What I was playing around the edges at, and what I later came to realize fully, was that the entire belief system of Christianity was “superficial and overly simplistic”. But it took me a very long time, and the jolt of some very bad experiences, to come to grips with this. In the meantime, however, I was still firmly entrenched in the religion. To the extent that I set out to create my own Christian music, which hopefully would meet the criteria of vulnerability and artistry that I had set for it. While still of course containing a Christian message.
Ironically, the story I came up with to undergird this music was of a young man who became a Christian and found himself isolated, from himself and others, in a world of phony religiosity. Even then I was trying to tell myself something.
But there’s that phrase again. “Isolated from himself”. I had created a false persona, and told myself that that was the real me. Because that’s how the religion works. You are instructed to “die to yourself”, which means that everything about you is now on the chopping block. Because it may be infected by sin, and probably is. So you have to excise all of that stuff, and replace it with Jesus. (If this sounds like voluntary brainwashing, it’s because it is.)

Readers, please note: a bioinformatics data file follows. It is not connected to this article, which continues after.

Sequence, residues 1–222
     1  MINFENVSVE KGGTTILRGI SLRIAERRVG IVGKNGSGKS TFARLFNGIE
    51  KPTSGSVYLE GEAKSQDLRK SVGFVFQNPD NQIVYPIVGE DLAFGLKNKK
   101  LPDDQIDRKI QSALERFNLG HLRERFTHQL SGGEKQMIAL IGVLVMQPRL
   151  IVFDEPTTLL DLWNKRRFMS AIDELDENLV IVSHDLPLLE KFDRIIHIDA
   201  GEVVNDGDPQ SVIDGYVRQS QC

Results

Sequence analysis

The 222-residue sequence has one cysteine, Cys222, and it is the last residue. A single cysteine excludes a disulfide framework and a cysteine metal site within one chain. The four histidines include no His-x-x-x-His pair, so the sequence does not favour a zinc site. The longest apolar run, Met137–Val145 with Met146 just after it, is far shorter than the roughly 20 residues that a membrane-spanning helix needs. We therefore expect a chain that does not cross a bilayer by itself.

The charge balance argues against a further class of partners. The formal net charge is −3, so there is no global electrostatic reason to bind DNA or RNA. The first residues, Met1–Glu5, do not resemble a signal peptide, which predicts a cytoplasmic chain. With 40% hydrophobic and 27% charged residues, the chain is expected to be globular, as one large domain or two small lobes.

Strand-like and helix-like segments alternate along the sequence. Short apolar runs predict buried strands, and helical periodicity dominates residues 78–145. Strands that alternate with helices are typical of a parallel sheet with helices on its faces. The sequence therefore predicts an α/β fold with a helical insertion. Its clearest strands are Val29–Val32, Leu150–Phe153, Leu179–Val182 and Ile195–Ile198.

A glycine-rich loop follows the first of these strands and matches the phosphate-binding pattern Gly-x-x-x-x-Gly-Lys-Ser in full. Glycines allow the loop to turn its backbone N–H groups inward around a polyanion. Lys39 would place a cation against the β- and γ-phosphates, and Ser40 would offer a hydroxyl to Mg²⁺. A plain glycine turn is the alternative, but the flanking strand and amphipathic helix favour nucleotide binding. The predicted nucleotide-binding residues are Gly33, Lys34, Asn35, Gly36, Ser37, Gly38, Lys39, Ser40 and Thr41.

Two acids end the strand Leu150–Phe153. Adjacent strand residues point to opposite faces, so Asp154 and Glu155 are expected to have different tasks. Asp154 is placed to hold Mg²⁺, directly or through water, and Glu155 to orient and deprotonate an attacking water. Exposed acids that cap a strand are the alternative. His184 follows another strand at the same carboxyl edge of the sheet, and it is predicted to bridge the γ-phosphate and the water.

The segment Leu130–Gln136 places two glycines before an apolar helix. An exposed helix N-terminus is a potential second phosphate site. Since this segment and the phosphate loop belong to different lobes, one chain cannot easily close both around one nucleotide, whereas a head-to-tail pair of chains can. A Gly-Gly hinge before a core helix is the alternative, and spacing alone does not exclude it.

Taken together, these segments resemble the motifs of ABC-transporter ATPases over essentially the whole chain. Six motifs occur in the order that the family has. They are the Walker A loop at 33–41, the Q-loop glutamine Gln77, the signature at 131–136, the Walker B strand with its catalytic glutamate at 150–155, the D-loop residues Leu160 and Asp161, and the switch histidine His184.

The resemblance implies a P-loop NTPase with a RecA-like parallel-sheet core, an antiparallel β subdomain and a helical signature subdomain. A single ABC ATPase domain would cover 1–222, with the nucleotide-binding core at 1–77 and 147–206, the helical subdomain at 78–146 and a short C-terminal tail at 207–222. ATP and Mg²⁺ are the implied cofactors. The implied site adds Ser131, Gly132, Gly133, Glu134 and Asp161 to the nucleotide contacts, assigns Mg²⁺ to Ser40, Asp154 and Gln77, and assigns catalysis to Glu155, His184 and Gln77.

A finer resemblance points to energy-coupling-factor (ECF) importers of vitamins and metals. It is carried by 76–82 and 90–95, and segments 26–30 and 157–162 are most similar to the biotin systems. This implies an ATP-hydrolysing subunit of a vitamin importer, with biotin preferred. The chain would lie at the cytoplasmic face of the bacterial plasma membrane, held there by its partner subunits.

That’s why I got rid of all my CDs. That’s why I systematically isolated myself from all of my non-Christian college friends. And that’s why I decided that post-graduation, I was going to enroll in seminary, with the hope of becoming a “Christian musician”.
But I had long since stopped listening to myself. Instead, I was listening to the narrative that had been sold to me (and which I had accepted). According to that narrative, I had to be willing to sacrifice anything that was important to me, the way Abraham was willing to sacrifice his own child because God had told him to do so. I had held on to music (because that was something you could still do as a Christian), though I eventually jumped at the chance to become a church worship leader, singing and playing exactly the kind of superficial, overly simplistic music that I had previously rejected. And when even that was taken away, I said “okay” and didn’t fight it.
So what I’m trying to do now, what has been long overdue, is to reconnect with myself. To ask myself “what do I like?” Because I had spent so many years believing that question to be irrelevant. What is important to me? Well, music, for one thing. More important, however, is that I even ask the question. That’s really what I’m after here. To get practiced at this.
Why? Because, let’s face it, I’ve only got one life here. I’m already “not young” anymore, even if I don’t qualify as “old” yet. And I don’t want to end up like another Willy Loman, getting to the end of my life and lamenting what could have been. A huge part of that, as I’ve learned recently, is to stop being passive about my own life. To take responsibility for myself. (This is also a huge part of combating anxiety / depression. Because it feels shitty to think that you don’t have any control over your life, and it feels great to realize that you actually do.)
So I bought a guitar.